Ajax failed to capitalise on their historic victory over bitter rivals Feyenoord, following it up with just two points from the next three games. The Rotterdam outfit returned the favour in the reverse fixture, recording a 4-1 victory in De Kuip. Ajax once again suffered a post-Klassieker hangover, gleaning one point from the following two games. The pendulum had well and truly swung in Feyenoord, and Cruyff’s, favour.
Despite scoring 100 league goals, Ajax eventually finished in third position, six points behind champions Feyenoord. Eleven of the century of goals came from Gasselich, with 28 scored by a teenage Marco van Basten, adjudged the best player the Austrian ever shared the dressing room with.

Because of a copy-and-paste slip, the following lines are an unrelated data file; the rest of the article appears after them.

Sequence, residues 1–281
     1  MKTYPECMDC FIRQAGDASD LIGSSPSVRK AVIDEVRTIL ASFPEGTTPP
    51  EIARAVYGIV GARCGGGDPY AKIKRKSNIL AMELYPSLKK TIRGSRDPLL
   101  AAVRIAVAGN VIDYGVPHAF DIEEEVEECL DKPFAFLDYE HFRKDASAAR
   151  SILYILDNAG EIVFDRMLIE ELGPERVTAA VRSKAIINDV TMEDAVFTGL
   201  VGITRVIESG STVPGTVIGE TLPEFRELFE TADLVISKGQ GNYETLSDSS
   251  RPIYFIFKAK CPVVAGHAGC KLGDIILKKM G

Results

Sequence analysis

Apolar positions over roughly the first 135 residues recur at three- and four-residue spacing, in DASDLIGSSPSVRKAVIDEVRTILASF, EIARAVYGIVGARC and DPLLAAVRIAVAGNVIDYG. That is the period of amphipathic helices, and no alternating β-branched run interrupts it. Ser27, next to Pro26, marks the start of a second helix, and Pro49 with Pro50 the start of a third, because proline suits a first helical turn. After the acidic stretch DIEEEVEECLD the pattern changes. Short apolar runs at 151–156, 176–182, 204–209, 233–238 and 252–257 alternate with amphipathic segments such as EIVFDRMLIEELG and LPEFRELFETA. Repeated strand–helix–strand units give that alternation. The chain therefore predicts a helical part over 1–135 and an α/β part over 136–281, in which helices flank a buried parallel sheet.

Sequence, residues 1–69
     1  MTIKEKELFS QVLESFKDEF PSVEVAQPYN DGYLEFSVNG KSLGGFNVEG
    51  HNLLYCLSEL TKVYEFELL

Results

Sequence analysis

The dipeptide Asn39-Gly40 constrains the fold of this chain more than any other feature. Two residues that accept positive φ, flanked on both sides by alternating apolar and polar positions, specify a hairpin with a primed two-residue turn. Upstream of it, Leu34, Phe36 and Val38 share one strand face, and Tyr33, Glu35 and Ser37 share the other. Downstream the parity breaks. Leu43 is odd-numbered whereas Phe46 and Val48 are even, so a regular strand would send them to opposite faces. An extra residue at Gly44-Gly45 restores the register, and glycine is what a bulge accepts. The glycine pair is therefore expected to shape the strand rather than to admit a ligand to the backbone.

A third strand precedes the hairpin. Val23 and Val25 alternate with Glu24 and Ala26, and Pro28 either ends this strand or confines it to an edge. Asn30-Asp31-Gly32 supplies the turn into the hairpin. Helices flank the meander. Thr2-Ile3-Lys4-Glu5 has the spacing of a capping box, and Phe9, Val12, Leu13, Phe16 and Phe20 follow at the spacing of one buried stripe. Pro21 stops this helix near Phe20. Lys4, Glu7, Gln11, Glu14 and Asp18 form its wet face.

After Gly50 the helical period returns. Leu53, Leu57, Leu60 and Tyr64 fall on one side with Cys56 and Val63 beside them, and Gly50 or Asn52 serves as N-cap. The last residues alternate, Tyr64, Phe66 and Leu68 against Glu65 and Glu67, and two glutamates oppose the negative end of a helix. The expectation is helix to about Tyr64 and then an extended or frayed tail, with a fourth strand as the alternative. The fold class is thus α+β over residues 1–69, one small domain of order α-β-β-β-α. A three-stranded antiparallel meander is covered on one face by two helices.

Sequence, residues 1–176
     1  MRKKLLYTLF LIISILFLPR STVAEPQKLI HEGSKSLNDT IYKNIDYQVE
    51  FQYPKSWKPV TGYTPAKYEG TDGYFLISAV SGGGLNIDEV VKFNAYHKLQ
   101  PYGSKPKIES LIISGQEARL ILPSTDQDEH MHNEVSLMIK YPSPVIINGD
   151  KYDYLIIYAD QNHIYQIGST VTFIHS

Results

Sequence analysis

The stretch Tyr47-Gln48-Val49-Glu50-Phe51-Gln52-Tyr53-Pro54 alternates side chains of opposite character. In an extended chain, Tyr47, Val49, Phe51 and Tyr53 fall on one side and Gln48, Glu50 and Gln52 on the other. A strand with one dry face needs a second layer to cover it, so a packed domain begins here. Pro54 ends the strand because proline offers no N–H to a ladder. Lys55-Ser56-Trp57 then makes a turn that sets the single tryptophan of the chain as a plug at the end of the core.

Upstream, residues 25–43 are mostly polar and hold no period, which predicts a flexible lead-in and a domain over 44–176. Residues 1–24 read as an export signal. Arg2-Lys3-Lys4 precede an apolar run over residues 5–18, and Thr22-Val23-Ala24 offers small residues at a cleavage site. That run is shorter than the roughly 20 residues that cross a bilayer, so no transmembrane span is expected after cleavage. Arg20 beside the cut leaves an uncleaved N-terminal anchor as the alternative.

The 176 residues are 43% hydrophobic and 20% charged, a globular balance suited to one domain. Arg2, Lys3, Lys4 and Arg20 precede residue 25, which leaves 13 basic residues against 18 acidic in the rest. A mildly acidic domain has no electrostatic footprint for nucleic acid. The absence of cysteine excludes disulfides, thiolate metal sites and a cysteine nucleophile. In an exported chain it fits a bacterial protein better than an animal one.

During the course of the season Ajax suffered injuries to Jesper Olsen, Jan Molby, Van Basten and Gasselich himself. Not for the first time, and something for which the club is now lauded, Ajax had to put their faith in youth. “Although Feyenoord won the championship, Ajax were the champions of the heart,” states Gasselich. “With a young team we played amazing football.”
Ajax lost Olsen and Molby to Manchester United and Liverpool respectively in the summer of 1984, but the harsh lessons learned in defeat instilled a desire to come back with renewed vigour in the 1984/85 season. Talented young defender Ronald Koeman, who arrived from Groningen at the same time as Gasselich, was now firmly entrenched in the side, while Feyenoord were weakened by the retirement of Cruyff, who hung up his boots and began to explore roles on the other side of the white line.